Aug 5, 2008
Alkaline mix cuts the cost of titanate nanotubes
Researchers in the UK have made titanate nanotubes at low temperature (100 °C) and under atmospheric conditions by carrying out the reflux synthesis in a mixture of aqueous NaOH and KOH. According to the University of Southampton team, developers have been on the look out for a simple way of preparing nanostructured titanates and the group thinks that its low-cost, high-yielding process could be ideal.
Nanostructured titanates have a wide range of potential applications thanks to the material's open mesoporous morphology, high aspect ratio and good ion-exchange properties.
"Prominent areas like photocatalysis, solar cells and lithium batteries could potentially take nanostructured titanates onboard very quickly," Dmitry Bavykin of the University of Southampton's Energy Technology Research Group told nanotechweb.org. "Titanate nanotubes can also make a contribution to the area of drug delivery, which is experiencing rapid growth. One of the most exciting uses of titanate nanotubes is for hydrogen storage. However, research in this area is in its early stage."
Making the material
A favoured route to the synthesis of titanate nanotubes is hydrothermal treatment of titanium dioxide at 120–150 °C (typically in 10 mol dm–3 sodium hydroxide solution), which gives a substantial conversion to titanate nanotubes in less than 24 hours. Unfortunately, the need to use pressurized reactors for the preparation of material greatly increases the manufacturing cost.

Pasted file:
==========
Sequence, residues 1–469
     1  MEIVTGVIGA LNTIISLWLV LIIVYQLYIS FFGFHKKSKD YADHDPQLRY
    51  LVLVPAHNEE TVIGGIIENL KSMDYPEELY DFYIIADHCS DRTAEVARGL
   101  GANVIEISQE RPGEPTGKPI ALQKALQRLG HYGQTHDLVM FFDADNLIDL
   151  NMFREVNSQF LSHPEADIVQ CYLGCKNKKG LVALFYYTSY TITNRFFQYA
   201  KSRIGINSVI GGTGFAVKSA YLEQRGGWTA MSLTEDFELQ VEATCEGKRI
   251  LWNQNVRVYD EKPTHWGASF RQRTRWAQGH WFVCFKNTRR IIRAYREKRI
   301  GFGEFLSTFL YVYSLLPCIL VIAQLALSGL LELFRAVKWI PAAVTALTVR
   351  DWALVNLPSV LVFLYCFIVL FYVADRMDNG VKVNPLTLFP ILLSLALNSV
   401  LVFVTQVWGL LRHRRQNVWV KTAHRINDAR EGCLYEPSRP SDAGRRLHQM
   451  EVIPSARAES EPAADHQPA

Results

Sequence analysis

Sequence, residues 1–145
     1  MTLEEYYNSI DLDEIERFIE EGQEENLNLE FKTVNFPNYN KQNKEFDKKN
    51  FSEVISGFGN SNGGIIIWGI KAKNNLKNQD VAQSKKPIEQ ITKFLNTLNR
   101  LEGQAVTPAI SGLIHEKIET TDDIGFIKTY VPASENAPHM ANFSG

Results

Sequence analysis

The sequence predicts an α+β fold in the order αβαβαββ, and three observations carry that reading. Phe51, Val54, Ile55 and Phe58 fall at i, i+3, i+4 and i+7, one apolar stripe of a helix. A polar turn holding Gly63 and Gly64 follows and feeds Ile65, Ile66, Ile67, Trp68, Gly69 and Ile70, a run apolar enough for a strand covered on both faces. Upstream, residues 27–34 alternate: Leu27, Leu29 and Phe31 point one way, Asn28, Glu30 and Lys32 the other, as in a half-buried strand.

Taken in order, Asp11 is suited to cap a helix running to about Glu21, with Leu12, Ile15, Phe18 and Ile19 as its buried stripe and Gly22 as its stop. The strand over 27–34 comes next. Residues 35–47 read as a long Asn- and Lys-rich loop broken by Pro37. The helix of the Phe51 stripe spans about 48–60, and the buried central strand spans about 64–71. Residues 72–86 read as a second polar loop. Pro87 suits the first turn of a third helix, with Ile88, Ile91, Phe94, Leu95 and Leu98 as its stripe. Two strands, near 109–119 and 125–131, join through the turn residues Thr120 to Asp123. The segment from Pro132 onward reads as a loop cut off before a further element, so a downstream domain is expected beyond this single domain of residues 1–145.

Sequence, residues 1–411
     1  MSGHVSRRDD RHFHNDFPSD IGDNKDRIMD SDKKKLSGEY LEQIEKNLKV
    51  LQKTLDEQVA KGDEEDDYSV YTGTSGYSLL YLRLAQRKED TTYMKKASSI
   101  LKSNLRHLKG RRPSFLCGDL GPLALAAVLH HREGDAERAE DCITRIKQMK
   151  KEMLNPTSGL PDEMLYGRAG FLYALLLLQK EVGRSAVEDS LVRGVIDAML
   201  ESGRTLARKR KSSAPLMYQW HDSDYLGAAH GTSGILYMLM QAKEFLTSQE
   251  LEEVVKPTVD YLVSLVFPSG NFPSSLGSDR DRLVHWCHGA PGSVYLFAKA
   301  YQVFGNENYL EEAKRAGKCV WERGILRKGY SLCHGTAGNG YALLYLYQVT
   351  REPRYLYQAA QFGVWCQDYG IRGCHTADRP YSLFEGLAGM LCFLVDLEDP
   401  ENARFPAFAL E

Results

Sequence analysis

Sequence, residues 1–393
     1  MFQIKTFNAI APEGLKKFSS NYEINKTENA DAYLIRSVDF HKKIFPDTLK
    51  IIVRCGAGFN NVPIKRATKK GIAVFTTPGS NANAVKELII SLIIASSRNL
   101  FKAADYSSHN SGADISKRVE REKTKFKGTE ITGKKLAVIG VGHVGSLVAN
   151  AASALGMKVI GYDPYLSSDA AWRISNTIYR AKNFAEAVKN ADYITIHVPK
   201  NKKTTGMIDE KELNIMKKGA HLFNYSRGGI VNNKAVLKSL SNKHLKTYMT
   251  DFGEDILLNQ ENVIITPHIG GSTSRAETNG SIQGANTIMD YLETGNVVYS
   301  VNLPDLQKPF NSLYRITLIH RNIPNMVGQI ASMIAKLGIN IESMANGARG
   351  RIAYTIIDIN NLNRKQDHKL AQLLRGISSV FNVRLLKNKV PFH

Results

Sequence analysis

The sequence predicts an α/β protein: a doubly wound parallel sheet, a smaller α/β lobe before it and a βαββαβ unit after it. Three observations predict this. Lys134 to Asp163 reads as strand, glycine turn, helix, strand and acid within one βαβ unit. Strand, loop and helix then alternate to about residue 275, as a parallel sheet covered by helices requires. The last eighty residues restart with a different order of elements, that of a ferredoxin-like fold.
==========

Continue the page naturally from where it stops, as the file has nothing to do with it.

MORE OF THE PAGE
Attempts to avoid autoclave operations by keeping the synthesis temperature below the boiling point of the alkaline solution usually result in the production of a much less desirable multilayered, sheet-like structure with a relatively low specific surface area.
To overcome this, Bavykin and his colleagues carry out the reflux synthesis in a mixture of aqueous NaOH and KOH. The composition of the mixture can be tuned to favour the formation of nanotubes rather than nanofibres of nanosheets.
After 48 hours of refluxing at 100 °C, the group reports that almost complete conversion was achieved.
The researchers presented their results in Nanotechnology.
About the author
James Tyrrell is editor of nanotechweb.org.